I’ve spent my professional career in communications – two decades and counting. I also have a master’s degree in journalism and in business. All that experience taught me the theory and practicum of polished communication.
My resume aside, the Bottom Line on Top of this episode is that one of the best ways to be memorable in this noisy world is to be messy. When it comes to communications, come as you are.
That’s not to say that there isn’t real value in preparing, editing, and adapting your messages to others. What it means is that the medium doesn’t matter nearly as much as the message.
Episode 2 highlighted the variables of the attention economy. Our short attention spans are short on time. So making messages stick needs both art and science.
Let’s start with information science. The average working professional gets about 100-200 emails a day. Of course, that varies by sector and roles and doesn’t include the multitude of other mediums that are clamoring for our attention all day.
Imagine you are driving along a busy highway. You glance up and see the billboards whizzing by. Your brain has a few seconds, at most, to process them as it is traversing onward. That’s what your outreach feels like to recipients – just one of the many billboards trying to say something to the speeding people.
And no one ever pulls over to the side of the road to read a billboard full of bullet points. In this digital world, we have seconds to get someone’s attention and minutes (at most) to keep it.
It’s one thing to get their attention, it’s another thing to make your messages stick in their brains. In 1956, cognitive psychologist George A. Miller wrote a paper about our capacity for processing information. He introduced the concept of The Magical Number Seven, Plus or Minus Two. A Harvard professor, Miller examined our short-term memory and concluded that the information input an average human can hold in short-term memory is 7 items ± 2.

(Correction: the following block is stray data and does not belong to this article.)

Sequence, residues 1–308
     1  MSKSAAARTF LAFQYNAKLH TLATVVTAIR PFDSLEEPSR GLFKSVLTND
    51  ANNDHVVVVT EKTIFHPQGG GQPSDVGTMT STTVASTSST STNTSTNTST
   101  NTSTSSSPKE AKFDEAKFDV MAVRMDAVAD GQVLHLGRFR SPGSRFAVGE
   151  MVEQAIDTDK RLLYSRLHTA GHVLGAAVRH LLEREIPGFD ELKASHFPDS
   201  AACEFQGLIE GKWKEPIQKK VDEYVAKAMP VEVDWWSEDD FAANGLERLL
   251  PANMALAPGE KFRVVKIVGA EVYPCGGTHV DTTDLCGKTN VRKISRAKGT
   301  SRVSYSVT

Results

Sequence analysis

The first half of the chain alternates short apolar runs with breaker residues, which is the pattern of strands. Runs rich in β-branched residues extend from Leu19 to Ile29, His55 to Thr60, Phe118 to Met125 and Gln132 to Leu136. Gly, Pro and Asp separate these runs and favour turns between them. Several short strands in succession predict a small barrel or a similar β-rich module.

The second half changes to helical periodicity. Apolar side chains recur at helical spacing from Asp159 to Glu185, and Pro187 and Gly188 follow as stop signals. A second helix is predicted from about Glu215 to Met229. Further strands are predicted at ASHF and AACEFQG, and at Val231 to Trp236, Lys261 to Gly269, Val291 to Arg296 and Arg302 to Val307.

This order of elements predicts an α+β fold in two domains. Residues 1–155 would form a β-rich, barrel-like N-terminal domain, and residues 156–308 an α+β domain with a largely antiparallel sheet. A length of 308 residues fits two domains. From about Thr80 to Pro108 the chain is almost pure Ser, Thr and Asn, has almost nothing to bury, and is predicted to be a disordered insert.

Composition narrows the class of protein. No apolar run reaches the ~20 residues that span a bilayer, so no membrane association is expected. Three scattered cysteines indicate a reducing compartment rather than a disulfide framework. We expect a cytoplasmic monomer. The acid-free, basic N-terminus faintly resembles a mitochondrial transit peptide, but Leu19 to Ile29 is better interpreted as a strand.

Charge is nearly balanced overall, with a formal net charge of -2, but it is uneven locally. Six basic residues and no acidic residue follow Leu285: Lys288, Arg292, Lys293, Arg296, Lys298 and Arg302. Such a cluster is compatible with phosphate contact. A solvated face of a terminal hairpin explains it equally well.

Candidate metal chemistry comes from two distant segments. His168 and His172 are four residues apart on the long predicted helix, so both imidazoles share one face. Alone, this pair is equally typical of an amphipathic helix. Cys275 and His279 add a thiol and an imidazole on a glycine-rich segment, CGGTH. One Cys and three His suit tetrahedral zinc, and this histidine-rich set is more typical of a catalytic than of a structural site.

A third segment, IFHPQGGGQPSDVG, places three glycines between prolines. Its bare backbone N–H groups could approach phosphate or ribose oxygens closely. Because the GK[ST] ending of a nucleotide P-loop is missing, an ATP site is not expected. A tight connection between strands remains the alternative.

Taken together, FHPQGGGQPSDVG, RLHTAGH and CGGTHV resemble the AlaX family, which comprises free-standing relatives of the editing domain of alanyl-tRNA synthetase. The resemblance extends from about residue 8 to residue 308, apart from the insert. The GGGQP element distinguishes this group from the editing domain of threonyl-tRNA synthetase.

Now this was before the introduction of email and social and streaming and all the other modern modalities that compete for our attention on that information highway.
What this means from a present-day communication perspective is that we need to be giving people less, far less.
So as you’re writing and re-writing, outlining your slides and speaking points, absolutely be messy to get all your ideas out there. Then you can go back and see what the Magical Number 7 is for your audience.
But as you’re creating, please stop editing yourself – stop staring at that blank screen, reviewing your draft over and over. The word “edit” can actually tip our brains into a negative space, somehow meaning that you have to correct and conform your words.
Allow your brain the cognitive canvas to create initially. Let it bring forth ideas and thought bubbles. Then, certainly, revise and clarify for your audience. But start by starting.
Writer Anne Lamott encourages us to embrace our shitty first drafts. You see, too often, we are trying to craft the finished product from start to finish. Write first, create first, and let your thoughts out to play. Stay away from the delete and backspace buttons. Those have a use later but begin by allowing your brain to roam.
Words don’t want to be perfect; they want to be free.
Yes, I know that a corporate expense report or job application should be less free and more targeted. And I’ve also seen people labor over words and spent hours revisiting and reviewing.
In today’s digital and disconnected world, quick and messy today beats polished and perfect in a few days.
So start and then share. Put your billboard up so it can be seen by the many instead of being edited by the one.
In the end, it’s not the words that matter – it’s the connection that they create.
I hope these words have a few magical numbers in them for you. Thank you for spending time with them. And until next time, be messy and take good care.